Koi are Asian carp, originally domesticated in China and now also immensely popular as a cultural symbol in Japan. In Western countries, koi generally do not hold special symbolic significance and are simply seen as decorative fish in ponds and gardens.
However, within the tattoo world, the traditional folklore behind koi is well known, because that folklore and meaning informs the tattoo art that artists have brought to Western countries.
Despite their docile nature, koi are surprisingly powerful jumpers, famous for the ability to swim upstream in roaring rivers and even up waterfalls. A Chinese idiom states that “Koi jumps the Dragon Gate”, referring to a legend in which ascending the Dragon Gate waterfall would turn the fish into a dragon. Through the tenacity and endurance of the fish, it becomes a new being entirely, and this is linked to the idea of a sudden, inspiring leap into a higher social class.
Koi have also been said to face death as bravely as Samurai, as they supposedly do not wriggle and squirm when they are pulled from the water and set on the cutting board. They face the chef’s knife with perfect peace, and for this reason they are also associated with courage and fearlessness. Koi fish will often be included in Samurai tattoo designs.
In Japan, carp kites are flown to celebrate Children’s Day as well as occasionally to celebrate the birth of a new baby boy. The kites look like they’re swimming in the breeze, an allusion to the story of the koi that swims upstream to become a dragon.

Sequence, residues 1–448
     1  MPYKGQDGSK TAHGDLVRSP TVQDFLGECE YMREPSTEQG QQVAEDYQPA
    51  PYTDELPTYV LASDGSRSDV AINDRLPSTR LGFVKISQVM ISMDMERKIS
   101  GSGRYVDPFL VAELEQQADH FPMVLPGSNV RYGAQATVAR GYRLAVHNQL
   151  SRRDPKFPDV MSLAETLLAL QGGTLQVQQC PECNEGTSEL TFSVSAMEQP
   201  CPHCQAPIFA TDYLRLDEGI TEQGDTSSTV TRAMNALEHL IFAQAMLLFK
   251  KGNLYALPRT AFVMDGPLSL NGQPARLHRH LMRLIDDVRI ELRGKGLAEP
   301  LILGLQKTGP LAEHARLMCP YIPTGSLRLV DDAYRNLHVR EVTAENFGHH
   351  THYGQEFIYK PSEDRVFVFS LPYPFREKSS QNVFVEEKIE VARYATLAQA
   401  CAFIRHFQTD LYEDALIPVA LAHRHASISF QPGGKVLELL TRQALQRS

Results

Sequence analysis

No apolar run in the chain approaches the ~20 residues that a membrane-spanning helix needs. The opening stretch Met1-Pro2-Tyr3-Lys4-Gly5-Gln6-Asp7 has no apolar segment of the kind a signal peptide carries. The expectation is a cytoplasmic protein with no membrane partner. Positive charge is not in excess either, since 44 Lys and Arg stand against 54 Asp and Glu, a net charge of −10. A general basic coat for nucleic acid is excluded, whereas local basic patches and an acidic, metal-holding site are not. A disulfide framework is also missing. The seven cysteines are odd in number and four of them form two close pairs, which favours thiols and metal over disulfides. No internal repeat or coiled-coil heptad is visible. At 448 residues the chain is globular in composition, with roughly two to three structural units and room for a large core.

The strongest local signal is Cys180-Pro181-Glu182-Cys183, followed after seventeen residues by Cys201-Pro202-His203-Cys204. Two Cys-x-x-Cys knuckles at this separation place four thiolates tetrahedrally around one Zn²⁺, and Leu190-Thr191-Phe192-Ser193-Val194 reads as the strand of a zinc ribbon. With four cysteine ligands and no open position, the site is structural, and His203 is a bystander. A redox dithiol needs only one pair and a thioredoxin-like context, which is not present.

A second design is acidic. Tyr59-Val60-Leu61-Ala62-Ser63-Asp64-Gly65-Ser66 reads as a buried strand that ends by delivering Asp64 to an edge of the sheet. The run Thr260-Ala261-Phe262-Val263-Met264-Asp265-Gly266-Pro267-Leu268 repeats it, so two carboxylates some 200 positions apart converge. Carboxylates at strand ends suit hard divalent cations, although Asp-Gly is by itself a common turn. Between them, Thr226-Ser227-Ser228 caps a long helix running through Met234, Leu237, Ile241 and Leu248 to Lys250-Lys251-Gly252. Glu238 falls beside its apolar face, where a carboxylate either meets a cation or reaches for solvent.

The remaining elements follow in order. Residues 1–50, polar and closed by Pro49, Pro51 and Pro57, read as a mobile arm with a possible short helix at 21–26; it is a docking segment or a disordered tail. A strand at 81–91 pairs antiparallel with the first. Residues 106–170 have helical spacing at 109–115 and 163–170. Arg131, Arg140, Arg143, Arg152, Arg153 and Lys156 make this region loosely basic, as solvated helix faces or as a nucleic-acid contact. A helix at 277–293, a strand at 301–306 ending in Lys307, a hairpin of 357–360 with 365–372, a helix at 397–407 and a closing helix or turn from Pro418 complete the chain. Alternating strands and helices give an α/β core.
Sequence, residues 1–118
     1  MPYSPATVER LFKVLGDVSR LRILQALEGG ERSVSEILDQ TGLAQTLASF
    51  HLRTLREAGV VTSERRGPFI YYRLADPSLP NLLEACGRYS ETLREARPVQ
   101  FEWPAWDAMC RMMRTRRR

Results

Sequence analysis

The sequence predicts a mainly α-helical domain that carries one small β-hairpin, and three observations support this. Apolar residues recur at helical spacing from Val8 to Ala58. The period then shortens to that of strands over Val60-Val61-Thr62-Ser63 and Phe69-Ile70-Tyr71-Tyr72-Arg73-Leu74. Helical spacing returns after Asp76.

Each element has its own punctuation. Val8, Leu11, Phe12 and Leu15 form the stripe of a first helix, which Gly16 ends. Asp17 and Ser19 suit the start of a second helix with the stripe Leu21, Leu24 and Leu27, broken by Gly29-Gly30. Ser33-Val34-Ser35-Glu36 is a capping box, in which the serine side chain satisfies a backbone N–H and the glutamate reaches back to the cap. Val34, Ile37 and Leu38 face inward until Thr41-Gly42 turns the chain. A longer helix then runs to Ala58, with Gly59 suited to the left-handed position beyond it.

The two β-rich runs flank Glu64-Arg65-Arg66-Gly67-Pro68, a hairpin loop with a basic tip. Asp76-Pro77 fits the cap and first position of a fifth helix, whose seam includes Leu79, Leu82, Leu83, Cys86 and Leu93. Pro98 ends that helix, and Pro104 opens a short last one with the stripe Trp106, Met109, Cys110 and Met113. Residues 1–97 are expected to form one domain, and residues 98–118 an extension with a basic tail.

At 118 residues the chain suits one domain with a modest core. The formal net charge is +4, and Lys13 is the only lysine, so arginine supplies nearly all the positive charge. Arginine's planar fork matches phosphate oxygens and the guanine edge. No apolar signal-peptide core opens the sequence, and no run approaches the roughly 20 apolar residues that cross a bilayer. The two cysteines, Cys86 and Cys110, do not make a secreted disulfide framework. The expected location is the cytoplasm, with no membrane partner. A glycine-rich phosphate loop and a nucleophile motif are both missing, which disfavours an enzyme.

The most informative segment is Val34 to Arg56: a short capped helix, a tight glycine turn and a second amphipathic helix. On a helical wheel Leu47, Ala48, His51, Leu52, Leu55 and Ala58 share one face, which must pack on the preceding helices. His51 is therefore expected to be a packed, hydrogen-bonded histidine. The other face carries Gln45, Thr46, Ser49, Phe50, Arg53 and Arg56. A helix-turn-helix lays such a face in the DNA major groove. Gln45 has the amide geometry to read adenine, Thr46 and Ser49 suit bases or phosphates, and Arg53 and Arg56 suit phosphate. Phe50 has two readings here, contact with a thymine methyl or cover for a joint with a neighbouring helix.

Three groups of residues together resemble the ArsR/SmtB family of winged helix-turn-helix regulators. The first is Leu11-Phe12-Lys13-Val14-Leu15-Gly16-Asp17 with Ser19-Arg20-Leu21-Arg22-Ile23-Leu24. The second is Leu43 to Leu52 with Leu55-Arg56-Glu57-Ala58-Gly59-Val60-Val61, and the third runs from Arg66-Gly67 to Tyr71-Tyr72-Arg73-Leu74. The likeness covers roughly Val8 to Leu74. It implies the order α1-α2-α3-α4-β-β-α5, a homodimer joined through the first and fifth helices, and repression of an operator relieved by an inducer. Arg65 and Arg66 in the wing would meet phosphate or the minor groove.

Like cherry blossom tattoo designs, koi are often integrated as a part of sleeves and full-body tattoos in traditional Japanese tattoo designs. As time goes on, koi are becoming more popular as a solitary standalone image (as are simpler tattoo designs in general in Japan, as the art of tattoo becomes less associated with yakuza and more acceptable to the ordinary public).
The most popular places for koi are on the arm or shoulder, as the curvature and shape of fish tattoo designs works nicely with the curve of the arm. The leg and side of the torso are also fairly common. Typically the koi is positioned swimming upwards, often surrounded by waves, referencing the koi who fights upstream.
Most koi designs tend to be take up a space on the body that is long and vertical, running along the body upwards. This is a good example of how to integrate it simply into a broader horizontal space – here more attention is paid to the background behind the koi, but it’s in soft blues and grays, against which the bright orange of the fish strikes a sharp, pleasing contrast.
Orange koi are the most common in tattoo designs, but koi are depicted in art in virtually every color and type, allowing the person getting inked to pick a color that compliments his or her existing tattoos, sense of style, etc.
Koi tattoo designs work well for both men and women, as big or small tattoos, and on most parts of the body, making them a solid choice for anyone interested in Japanese tattoo designs or designs with traditional meanings related to perseverance, bravery, and a desire to better one’s self.